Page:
The stands are made from a number of pieces of wood, all oak. These consist of four equidistant balusters, the upper ends of which are attached to the horizon ring, and their lower ends to four rectangular feet 11.5 cm long, 6.5 cm wide and 2.3 cm high. The pieces are held in place by tenons, mortises and dowels.
The round wooden base, 42.5 cm in diameter and 3 cm thick, sits inside the four balusters and is glued to the four rectangular feet. This circular base, the rim of which is moulded, is made of three planks in the case of the celestial globe and four for the terrestrial one. A small circular support 2.8 cm in diameter and 1.6 cm high sits on the centre of the circular base and is notched to hold up the copper meridian. Several layers of paper serve as a joint between this small support and the main one underneath.
A small compass with an hour dial in Roman numerals is set into the circular base along the rim under the copper meridian. This compass is square shaped in the case of the terrestrial globe and octagonal in the case of the celestial one.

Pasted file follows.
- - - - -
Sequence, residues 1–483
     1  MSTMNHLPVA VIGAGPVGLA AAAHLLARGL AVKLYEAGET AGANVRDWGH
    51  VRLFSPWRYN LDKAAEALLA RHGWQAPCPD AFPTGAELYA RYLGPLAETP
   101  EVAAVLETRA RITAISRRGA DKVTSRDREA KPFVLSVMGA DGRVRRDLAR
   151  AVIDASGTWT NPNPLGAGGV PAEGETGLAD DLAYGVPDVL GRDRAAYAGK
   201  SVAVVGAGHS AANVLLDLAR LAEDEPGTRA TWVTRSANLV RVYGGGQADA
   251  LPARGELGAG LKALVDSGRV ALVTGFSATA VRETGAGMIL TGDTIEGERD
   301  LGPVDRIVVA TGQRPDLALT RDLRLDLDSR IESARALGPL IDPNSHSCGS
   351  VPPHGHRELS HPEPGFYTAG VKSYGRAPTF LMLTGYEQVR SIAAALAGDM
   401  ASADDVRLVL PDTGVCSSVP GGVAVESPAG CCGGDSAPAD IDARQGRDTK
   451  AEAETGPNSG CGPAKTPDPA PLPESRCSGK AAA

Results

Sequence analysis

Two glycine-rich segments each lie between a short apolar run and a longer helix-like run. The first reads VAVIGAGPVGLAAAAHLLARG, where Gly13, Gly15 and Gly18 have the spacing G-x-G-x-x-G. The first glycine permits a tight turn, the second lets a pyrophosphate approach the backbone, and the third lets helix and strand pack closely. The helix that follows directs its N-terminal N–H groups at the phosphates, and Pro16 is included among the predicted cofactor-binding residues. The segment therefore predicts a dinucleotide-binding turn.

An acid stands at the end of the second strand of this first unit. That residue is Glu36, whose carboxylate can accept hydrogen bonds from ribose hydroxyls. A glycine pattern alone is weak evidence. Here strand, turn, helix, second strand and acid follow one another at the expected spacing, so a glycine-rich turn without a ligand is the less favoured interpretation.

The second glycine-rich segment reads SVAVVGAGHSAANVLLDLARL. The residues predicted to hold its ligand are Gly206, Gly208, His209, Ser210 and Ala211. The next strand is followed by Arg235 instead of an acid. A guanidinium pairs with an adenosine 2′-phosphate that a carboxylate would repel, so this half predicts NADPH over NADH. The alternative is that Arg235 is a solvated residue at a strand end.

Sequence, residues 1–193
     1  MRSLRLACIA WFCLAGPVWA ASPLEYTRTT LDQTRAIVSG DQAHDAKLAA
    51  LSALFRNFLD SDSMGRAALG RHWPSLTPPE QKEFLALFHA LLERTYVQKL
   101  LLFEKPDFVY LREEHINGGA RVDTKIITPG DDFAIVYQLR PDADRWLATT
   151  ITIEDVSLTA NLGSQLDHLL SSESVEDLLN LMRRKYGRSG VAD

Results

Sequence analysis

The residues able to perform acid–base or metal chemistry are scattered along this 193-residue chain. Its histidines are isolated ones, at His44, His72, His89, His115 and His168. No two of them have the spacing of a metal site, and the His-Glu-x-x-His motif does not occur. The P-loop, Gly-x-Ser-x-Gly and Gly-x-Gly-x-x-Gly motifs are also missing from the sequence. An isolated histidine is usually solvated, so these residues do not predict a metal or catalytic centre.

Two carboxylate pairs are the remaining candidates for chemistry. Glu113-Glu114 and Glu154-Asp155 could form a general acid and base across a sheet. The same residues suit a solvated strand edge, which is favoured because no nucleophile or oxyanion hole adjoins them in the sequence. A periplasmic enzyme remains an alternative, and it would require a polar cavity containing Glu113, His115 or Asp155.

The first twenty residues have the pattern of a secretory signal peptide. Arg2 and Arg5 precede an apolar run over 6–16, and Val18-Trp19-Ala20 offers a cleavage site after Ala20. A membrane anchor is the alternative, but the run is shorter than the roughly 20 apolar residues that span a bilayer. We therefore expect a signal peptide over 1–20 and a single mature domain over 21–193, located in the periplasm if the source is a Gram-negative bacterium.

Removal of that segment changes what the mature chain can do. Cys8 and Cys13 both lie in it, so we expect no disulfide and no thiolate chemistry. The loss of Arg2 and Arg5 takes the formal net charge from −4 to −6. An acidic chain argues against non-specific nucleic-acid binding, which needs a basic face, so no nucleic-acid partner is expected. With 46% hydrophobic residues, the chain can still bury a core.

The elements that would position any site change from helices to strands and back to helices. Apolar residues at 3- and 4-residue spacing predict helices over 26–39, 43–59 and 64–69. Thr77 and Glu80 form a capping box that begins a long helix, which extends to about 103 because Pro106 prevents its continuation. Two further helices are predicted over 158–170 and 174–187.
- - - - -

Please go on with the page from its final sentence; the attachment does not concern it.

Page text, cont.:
The surfaces de the circular base and the balusters bear painted illustrations. The design can no longer be identified but it could be a red and green false-marble type of decoration. A light layer, probably applied originally, served as a base coat. The feet and the moulded edges of the horizon ring and the circular base are painted black.
The inner side of the celestial globe reveals an earlier restoration.
The stands’ undersides bear various labels:
History of Science Museum, item number
with the hand-written reference Lausanne.
History of Science Museum, item number 54
with the hand-written reference Observatory
Etiquette en plastique vert
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- Inconclusive evidence : labels under the stands of both globes could link them to the History of Science Museum in Geneva but there is no trace of them in its inventories.
- Les globes de Mercator de l’Université de Lausanne. Observations matérielles. Constat d’état. Rapport de conservation-restauration : workshop and laboratory of the Swiss Institute for Art Research SIK|ISEA, Ref. No. 141110 0002: 01/02, October 2015, Margaux Genton, Zurich.